- Care-experienced parents need to have access to mental health support. This should be a key consideration for new Integrated Care Boards as they develop their plans for children and young people’s services. There should also be a new role created for virtual mental health leads in every local authority whose job it would be to improve mental health services for children in care and care leavers.
“It was quite bad. I got moved into really inappropriate properties. My social worker just didn’t really check in on me. We didn’t really have a relationship. I was just kind of left if that makes sense. And I was fine with that at the time because I wasn’t really bothered. But looking back now, it could have been dangerous, if that makes sense. And I think I was just quite lucky that it didn’t go really bad.”
Hear more about what we did and how, and what it was like working on this project from our peer researcher Jade presenting at our launch event.
Lessons from the peer research approach and impact on those involved
- Allow plenty of time and resources for the development and support of the peer researchers (PR) individually and as a group this is essential to build strong foundations and confidence to deliver the research successfully.
- Place emphasis on their support/needs throughout and the development of peer support. Offer regular supervision.
- Offer a training plan for different stages of research (understand the skills/experience PRs have or don’t have)- additional input when needed such as a toolkit to utilise.
- Reward and recognition for the role- including payment and careful recruitment.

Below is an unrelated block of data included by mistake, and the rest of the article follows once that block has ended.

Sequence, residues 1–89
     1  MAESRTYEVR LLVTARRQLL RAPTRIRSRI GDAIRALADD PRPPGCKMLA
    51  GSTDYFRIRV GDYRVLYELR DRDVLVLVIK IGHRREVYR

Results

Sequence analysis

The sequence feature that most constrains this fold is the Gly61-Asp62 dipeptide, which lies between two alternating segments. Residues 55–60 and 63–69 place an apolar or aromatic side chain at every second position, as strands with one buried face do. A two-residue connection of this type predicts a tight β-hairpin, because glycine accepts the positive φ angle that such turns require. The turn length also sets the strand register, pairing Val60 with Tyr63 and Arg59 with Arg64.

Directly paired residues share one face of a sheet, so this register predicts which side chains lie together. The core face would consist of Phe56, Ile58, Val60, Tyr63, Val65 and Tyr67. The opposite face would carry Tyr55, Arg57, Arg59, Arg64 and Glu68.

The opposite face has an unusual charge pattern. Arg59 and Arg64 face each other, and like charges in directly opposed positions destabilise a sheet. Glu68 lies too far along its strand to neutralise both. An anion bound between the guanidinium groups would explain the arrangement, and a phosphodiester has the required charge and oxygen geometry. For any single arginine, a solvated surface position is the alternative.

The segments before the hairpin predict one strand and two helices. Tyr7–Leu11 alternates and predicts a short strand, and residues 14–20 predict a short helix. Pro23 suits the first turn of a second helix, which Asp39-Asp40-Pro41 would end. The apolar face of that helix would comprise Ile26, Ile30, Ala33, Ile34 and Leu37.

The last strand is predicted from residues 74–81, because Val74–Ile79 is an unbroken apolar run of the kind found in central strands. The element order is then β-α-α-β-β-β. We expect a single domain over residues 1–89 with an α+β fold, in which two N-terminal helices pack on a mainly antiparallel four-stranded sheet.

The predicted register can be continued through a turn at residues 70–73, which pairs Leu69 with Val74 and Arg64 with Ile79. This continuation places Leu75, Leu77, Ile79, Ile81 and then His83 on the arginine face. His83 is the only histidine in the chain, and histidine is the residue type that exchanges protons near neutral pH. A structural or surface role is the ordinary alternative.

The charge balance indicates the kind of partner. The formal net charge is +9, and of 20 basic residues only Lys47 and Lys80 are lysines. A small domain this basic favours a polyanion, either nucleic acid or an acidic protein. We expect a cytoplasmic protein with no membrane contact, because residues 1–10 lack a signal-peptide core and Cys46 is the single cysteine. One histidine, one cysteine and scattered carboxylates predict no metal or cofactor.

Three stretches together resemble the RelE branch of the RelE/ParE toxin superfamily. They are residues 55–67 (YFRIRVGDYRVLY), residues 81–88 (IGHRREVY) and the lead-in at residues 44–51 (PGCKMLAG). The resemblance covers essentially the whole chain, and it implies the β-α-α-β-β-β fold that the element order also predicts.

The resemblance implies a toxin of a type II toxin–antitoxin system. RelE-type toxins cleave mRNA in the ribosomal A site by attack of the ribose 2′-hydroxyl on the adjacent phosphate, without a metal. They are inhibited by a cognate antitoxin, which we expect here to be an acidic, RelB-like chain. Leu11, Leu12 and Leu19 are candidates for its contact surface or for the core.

- Consider its’ not just what we do but how we do it – offering meaningful opportunities to those with lived experience. Peer researchers brought the expertise of their own lived experiences. Their knowledge and inside understanding of the issues being studied enhanced the quality of the research findings to ensure research outcomes were relevant and effective.
- Based on the learning from our peer research project we want to encourage others to undertake a peer research approach to future studies which seek to engage with young people and or those particularly who are vulnerable or who are sharing personal and sensitive information about their lives. The basis of co-production and participation are central to a peer research design and should form the foundation of research. The insight, understanding and commitment of peer researchers make the peer research approach invaluable for studies involving young people and we urge academic research teams and other services to embrace such participatory approaches that will be of benefit to their study, to the young people who take part in the research or to those who undertake the peer researcher role.
Quotes from PRs
“However, I felt an instant connection to ‘care experienced’. The advert made me feel heard, before I’d even spoken.”
“Theory and training can help research teams accept and acknowledge aspects of inclusivity, but lived experience brings a deeper level of understanding.
We didn’t just want to get it right for the project – we needed to get it right for our care-experienced community.”
“This has been my first ever experience of being in a group of people that have relatable experiences to my own”
“This project has helped me to be proud of myself as a CEP and not to feel isolated and alone in my experiences.”
The time spent allowing PR’s to get to know each other before work started meant a ‘safe space’ was created, allowing for respectful challenge of each other during planning meetings. Felt able to say ‘I see things differently or ‘i disagree’
Dear Baby I will love you forever’ a powerful poem written by a young care experienced parent from London whilst pregnant. Performed by local creative on her behalf.